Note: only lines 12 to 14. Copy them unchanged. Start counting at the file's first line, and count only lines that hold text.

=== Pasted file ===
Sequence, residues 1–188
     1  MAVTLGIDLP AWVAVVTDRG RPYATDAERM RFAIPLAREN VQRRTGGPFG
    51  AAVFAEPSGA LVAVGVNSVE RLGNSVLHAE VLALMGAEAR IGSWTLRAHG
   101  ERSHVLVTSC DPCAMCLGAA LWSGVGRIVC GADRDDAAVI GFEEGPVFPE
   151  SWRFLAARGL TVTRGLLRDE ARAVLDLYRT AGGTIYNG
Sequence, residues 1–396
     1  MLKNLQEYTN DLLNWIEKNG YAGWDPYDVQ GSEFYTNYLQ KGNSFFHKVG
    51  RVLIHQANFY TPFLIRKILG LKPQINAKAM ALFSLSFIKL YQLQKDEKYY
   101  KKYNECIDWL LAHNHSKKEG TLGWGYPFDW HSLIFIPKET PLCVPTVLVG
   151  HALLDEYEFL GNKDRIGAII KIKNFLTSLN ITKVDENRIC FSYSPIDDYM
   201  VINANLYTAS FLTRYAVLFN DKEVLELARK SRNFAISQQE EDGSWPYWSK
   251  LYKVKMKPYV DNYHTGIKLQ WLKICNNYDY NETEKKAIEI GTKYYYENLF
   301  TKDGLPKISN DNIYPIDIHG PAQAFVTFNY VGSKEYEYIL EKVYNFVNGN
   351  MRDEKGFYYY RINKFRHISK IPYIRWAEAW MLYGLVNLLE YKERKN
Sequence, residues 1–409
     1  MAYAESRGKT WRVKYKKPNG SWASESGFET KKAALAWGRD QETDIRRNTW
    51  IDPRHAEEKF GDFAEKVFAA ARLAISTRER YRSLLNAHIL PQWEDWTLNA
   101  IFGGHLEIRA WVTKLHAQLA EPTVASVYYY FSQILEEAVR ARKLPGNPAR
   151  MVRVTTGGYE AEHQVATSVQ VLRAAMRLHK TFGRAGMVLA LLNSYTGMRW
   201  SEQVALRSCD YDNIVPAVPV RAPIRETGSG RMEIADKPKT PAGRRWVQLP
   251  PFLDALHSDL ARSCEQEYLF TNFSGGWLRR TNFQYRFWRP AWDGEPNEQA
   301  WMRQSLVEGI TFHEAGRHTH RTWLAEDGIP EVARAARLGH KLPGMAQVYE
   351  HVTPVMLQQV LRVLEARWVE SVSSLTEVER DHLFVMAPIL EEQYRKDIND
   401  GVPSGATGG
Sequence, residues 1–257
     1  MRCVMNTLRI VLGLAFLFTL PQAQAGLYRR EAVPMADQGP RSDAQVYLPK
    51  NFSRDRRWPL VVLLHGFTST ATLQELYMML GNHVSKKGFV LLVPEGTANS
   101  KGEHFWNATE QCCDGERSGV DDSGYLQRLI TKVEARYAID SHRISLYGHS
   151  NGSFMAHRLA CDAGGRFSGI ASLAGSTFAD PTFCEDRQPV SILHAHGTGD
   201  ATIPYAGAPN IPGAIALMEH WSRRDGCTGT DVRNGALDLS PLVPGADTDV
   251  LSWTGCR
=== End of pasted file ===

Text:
   251  LYKVKMKPYV DNYHTGIKLQ WLKICNNYDY NETEKKAIEI GTKYYYENLF
   301  TKDGLPKISN DNIYPIDIHG PAQAFVTFNY VGSKEYEYIL EKVYNFVNGN
   351  MRDEKGFYYY RINKFRHISK IPYIRWAEAW MLYGLVNLLE YKERKN